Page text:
While many animals have learned to manipulate objects such as twigs to release food from inaccessible places, humans are the clearest example of what psychologists call “theory of mind.” People’s instinctive identification of their own and other people’s minds or mental states, including beliefs and thoughts. The ability to attribute mental states to oneself and to other individuals and thereby to be able to predict the behavior of others develops from a very early age in humans.
Early art indicates that this is as old as humanity—depictions of people and events are physical manifestations of mental processes, made to look recognizable to others, and with this came other significant abilities.
Studies of the sociocultural backgrounds of particular art objects, forms, and styles center judiciously upon the art as part of a larger system. In other words, dedicated, anthropologically based study of art is desired, which would try to find data about art and its environments from a number of different societies and pull out all the stops to station such studies in a equivalent conceptual framework.
One is that an individual can imagine what another individual might do; verbal communication can go beyond information and orders into storytelling and attempts to guess another’s reactions: associated regions of the brain developed rapidly in this period (some have suggested that civilization began with the ability to gossip). Another is that composite and abstract notions can be communicated, containing plans for hunts or future projects—things that cannot be seen. A third significance is an awareness that this ability ends when an individual dies: surprisingly early, we find humans buried with personal objects.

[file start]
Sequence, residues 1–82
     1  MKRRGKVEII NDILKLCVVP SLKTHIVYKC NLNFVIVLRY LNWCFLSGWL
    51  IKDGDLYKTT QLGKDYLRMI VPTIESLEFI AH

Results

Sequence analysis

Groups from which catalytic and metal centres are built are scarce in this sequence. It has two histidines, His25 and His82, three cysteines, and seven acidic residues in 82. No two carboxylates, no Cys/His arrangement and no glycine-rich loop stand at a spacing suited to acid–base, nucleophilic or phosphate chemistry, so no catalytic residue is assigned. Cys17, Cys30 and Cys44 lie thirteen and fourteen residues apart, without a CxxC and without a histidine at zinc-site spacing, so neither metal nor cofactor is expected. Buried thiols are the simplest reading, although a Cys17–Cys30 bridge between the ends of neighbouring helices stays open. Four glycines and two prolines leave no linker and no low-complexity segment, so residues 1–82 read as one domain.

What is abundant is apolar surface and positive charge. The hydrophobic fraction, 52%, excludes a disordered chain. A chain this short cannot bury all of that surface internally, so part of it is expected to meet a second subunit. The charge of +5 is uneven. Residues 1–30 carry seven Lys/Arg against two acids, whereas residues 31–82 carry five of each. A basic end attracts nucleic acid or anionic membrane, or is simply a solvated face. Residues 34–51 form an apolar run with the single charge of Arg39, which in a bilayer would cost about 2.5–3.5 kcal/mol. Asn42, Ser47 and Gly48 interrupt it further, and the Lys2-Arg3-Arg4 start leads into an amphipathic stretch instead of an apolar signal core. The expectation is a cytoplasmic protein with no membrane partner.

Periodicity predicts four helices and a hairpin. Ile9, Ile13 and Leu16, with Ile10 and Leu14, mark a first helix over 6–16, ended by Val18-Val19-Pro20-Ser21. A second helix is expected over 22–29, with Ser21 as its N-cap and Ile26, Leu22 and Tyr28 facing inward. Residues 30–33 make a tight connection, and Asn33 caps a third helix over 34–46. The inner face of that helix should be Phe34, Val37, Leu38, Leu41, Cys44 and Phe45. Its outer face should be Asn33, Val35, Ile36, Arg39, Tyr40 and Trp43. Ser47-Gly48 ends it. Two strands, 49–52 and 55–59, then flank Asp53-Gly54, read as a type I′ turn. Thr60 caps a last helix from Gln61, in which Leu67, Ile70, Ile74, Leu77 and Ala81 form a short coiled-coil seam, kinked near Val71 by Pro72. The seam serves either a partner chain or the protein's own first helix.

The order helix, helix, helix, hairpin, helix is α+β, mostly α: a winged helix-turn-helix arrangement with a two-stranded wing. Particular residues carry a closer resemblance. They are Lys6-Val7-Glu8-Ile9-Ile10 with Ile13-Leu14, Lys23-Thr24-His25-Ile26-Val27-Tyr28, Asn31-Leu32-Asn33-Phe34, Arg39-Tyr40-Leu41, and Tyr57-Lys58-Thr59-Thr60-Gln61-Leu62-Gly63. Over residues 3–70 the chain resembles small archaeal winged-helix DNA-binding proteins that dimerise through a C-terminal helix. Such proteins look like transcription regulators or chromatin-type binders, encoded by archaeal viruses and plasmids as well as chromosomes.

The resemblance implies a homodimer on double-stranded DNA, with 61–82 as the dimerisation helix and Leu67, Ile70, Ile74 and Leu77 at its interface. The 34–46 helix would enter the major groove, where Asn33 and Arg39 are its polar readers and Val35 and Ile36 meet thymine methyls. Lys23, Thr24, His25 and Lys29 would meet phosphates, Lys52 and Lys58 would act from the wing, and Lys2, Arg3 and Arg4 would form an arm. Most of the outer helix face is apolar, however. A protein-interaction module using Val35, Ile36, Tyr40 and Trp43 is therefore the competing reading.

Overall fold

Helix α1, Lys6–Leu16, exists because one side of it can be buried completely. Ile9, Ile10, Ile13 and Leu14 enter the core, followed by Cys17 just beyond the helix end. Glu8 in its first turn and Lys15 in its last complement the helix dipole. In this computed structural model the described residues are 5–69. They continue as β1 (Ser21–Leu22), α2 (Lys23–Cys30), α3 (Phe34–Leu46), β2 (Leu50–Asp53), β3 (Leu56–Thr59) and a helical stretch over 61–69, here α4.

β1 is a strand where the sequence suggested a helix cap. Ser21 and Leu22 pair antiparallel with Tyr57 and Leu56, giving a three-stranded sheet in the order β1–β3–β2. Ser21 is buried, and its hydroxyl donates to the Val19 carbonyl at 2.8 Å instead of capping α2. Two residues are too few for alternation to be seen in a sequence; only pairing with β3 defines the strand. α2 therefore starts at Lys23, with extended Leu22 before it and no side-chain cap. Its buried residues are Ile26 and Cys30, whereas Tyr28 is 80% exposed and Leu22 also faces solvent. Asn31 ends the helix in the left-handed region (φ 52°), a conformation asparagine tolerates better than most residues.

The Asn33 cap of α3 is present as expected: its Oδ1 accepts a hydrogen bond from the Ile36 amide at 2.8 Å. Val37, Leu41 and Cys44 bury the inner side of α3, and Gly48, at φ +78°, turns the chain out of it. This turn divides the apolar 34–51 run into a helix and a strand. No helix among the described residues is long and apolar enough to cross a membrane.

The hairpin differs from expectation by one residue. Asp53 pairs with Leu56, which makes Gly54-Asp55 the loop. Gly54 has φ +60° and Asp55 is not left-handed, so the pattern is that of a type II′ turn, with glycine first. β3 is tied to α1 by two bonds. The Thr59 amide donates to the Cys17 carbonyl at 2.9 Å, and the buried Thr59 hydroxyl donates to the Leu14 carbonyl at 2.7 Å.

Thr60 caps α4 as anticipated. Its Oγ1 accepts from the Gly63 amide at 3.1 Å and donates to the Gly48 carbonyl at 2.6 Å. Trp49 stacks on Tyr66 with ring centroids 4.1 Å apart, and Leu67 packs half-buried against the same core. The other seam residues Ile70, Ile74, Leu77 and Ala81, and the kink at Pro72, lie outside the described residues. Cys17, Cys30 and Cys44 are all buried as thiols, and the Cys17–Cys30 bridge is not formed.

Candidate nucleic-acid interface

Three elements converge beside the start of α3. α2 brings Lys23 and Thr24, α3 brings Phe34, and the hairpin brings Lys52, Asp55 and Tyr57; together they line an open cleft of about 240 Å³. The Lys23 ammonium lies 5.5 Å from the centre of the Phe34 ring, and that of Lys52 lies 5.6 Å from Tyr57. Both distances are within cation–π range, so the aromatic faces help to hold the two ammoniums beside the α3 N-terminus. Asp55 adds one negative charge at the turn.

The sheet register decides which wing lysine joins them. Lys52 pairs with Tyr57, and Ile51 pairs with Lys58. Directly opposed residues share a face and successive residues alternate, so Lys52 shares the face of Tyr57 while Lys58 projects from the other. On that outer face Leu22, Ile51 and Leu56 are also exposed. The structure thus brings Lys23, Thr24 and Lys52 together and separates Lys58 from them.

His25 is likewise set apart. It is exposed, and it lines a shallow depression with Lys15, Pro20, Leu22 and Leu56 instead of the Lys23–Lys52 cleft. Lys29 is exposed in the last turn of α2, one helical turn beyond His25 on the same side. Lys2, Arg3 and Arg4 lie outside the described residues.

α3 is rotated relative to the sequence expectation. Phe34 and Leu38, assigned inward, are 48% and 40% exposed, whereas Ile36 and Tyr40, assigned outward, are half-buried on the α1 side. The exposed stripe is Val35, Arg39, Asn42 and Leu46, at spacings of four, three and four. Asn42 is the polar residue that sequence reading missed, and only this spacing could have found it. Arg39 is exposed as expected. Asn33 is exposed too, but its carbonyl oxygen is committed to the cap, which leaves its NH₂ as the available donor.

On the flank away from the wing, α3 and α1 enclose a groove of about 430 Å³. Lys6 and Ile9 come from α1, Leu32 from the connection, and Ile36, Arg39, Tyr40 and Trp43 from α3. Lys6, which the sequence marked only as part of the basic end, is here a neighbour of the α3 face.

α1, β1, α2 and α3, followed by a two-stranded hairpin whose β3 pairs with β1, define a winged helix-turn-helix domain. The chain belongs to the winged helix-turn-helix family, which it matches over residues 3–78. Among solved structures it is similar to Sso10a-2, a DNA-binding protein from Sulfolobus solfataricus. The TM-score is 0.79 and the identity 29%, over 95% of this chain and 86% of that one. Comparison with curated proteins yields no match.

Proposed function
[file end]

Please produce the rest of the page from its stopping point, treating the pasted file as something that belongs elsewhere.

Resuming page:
Archaeology as a branch of learning endeavors to reconstruct the origin, prehistory, and history of the human race using objects remains such as relics, settlements, ramparts, burials, and skeletal remains. The Venus of Willendorf is an 11.1-centimeter-tall Venus limestone figurine assessed to have been made between about 28,000 and 25,000 BCE. It was unearthed by Josef Szombathy on August 7, 1908 near Willendorf in Austria. It is now housed in the Natural History Museum (Naturhistorisches Museum,) Vienna. Such figures are acknowledged to have been made as representations of fertility or fecundity, intended to bestow or ensure fruitfulness in some form.